Pre-School Aged Children's Knowledge of Healthy and Unhealthy Foods.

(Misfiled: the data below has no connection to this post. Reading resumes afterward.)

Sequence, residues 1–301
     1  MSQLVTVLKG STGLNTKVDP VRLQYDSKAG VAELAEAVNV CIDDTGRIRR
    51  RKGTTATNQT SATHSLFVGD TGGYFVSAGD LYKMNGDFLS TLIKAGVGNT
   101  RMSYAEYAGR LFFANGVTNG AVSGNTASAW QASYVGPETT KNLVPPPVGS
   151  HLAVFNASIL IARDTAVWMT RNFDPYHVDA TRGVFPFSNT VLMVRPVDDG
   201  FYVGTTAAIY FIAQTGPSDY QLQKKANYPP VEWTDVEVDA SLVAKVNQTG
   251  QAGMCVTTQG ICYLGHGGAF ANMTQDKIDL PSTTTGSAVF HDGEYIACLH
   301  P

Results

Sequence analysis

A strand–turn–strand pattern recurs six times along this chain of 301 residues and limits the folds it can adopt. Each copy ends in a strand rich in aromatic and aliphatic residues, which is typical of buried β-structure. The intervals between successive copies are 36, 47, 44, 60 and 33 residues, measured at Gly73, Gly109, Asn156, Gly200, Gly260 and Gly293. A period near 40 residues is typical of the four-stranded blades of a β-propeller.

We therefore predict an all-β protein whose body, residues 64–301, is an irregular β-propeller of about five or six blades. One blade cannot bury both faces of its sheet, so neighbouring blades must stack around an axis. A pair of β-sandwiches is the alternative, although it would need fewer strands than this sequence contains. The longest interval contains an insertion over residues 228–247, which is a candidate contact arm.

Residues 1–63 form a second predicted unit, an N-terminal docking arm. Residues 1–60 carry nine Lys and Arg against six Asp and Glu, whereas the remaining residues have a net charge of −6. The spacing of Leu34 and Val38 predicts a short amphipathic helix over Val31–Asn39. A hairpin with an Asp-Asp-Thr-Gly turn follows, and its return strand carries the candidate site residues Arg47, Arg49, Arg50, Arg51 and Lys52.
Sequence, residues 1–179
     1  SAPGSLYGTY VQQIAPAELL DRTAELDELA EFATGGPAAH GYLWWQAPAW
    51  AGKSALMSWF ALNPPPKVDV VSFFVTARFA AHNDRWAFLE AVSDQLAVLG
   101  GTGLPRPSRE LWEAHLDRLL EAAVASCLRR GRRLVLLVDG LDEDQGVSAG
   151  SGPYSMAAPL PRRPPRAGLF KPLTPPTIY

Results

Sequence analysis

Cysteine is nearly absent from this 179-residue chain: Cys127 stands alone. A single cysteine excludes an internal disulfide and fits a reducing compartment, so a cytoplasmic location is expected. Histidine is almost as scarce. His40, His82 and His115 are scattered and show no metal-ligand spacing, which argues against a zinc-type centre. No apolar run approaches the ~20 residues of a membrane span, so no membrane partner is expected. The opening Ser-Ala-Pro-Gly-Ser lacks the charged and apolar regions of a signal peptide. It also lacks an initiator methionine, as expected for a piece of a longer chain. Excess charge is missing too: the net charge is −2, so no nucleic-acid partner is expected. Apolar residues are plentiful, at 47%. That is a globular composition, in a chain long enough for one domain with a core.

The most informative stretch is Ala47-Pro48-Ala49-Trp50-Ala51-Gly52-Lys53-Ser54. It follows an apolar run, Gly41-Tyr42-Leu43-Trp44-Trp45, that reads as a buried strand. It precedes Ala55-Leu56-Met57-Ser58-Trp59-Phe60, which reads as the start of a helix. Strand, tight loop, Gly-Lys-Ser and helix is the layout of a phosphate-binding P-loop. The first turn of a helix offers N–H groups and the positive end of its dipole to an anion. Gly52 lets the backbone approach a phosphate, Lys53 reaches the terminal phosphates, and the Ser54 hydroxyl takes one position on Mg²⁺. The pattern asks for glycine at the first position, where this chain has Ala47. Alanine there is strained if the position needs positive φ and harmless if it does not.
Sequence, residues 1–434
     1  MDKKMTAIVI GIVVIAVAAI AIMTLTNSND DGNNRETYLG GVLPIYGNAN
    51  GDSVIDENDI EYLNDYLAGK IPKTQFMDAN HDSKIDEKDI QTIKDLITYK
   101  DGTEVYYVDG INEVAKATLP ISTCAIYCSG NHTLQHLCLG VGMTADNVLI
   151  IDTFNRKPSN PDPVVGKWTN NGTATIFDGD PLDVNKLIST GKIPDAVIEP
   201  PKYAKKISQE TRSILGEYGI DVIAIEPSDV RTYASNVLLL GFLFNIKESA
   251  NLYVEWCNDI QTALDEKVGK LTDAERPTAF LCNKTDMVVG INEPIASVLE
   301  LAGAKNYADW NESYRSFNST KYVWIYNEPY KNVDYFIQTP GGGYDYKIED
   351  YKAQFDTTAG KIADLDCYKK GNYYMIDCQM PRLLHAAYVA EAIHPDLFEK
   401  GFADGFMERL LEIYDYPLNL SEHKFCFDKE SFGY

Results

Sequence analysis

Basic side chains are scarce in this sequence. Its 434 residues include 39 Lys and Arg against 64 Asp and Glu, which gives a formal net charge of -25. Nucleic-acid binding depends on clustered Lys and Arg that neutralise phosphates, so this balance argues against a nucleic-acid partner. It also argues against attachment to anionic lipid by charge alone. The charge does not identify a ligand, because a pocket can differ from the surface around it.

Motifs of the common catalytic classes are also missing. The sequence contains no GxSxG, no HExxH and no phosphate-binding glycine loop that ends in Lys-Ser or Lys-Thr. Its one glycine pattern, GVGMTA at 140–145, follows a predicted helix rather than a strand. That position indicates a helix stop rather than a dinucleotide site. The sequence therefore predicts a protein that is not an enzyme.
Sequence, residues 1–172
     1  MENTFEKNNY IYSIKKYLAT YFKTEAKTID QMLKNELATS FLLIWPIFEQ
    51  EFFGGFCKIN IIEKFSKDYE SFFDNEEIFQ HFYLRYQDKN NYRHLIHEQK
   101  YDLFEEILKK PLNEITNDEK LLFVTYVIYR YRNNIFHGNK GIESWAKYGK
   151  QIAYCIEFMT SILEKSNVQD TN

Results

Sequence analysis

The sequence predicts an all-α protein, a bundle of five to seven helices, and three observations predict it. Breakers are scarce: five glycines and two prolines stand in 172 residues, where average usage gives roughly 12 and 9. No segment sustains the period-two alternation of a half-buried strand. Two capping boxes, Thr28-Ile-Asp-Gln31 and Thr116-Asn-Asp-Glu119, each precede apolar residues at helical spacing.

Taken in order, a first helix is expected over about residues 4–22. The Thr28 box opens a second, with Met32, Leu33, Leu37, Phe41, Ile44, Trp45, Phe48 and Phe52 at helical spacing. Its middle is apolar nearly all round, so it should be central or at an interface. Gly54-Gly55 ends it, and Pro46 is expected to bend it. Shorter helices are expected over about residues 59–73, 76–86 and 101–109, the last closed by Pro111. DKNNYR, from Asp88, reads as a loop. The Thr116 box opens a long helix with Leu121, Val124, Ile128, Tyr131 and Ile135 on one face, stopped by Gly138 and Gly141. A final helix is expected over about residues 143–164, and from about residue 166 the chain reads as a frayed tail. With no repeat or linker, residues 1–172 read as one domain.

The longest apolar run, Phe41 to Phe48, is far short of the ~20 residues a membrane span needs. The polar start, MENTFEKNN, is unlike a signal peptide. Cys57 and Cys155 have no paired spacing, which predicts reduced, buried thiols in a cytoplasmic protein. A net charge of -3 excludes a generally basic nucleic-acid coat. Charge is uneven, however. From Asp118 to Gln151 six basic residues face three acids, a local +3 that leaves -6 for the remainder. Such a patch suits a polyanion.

Research has examined food knowledge in elementary- and high school-aged children; however, very little research has been done examining preschool-aged children’s understanding of health behaviors. The purpose of this research was to better understand preschool-aged children’s ability to (a) make healthy food choices; (b) categorize healthy and non-healthy foods; and (c) determining whether media can affect food choices, specifically whether a children’s book can influence food choices. For this study, I conducted interviews, asked children to sort food pictures, and conducted an experiment. Participants were 94 children ages 4 to 5 years from preschools in San Diego County and the surrounding areas. For the experiment, children were randomly assigned to hear one of two children’s story books: one about vegetables and one about weather. A food sorting task was given both before and after the experimental manipulation. I predicted that exposure to a children’s book about fruits and vegetables would affect the children’s food choices and their understanding of healthy foods; specifically, that those who were read a book about healthy foods would choose a healthy snack over a less healthy snack (carrots over cookies) compared to children who were read a book that did not mention foods. A chi-square test of independence found that there was no significant difference in food choice between children who listened to a story about fruits and vegetables compared to children who listened to a story that did not mention foods. Additionally, I expected those in the experimental conditional to have an increase in their score on the sorting task (higher scores equal better understanding of healthy foods), and that girls from high socioeconomic status families would have the most correct responses on food sorting tasks of all the groups. A 2x2 mixed model ANOVA found that there was no difference for gender or socioeconomic status on the food sorting task scores. Therefore, the study hypotheses were not supported. However, due to the lack of previous research in this area the findings from this study have the potential to fill gaps in the literature about young children’s food preferences and health knowledge.